Sometimes take the option with the least amount of pain.
Sometimes run. Far and fast and with everything
you can salvage after the war you’ve been fighting.
Sometimes let go. Leap and dive into the unknown
Because what you’re leaving behind is worse than
What you might meet on your way.
So let go.
There are times when taking care of you, your mental health, and your peace means walking away, even when you don’t want to. And that’s okay.
I am made of the things doubt is made of :
Questions in the night
Shadows gathered together as the light dims
Blurred lines and late-night musings
Confessions after the certainty wears off.
The things I refuse to touch;
the knowledge that I don’t know
but make my home in the place
of hope anyway.
That edge between assurance and doubt
that lets me fall either way on any given day
And my best is a balancing act on a wire.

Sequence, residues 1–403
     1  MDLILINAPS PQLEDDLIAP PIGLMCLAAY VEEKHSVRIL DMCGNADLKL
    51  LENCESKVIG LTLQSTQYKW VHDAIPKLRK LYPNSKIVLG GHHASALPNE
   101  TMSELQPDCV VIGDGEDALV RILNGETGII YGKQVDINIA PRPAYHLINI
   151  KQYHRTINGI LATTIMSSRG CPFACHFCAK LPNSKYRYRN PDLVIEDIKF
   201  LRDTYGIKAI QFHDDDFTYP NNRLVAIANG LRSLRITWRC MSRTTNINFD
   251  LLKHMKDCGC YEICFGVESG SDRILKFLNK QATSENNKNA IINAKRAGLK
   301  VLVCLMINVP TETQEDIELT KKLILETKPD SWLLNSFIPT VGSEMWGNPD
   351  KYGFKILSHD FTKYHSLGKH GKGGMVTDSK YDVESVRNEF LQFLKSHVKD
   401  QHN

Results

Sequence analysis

If you want to know where I am,
You can find me there
placing one foot in front of the other
arms outstretched for balance
hope in one hand, doubt in the other
head aimed at the end of the line.
© Rehema Njambi
Hello and happy new month, friends! The start of this month has been better. I’m a little less overwhelmed (even a little goes a long way), one of my favourite poets has released a full length novel — AND I HAVE IT!– and it’s that one sunny week we get in England so really, I am wonderful!
This is just a roundup of the things I’ll be reading this month, what is on my wish-list for later and a little about what I’ve been writing!
This Month’s Read…
To start with…can we just appreciate the fact Ocean Vuong has a novel out?! If you’ve been following my Instagram (sly promo), you’ll know I’m a massive Ocean Vuong stan. And now I get more Vuong? Yes. Yes, please! He writes his prose like it’s poetry and I cannot rate it highly enough. And to top that off, you can get the book on audible where Vuong is narrating! Worthy of all your coin, I sincerely promise you!*
On Earth We Are Briefly Gorgeous is on everyone’s radar…and the hype is to be believed! Highly recommended.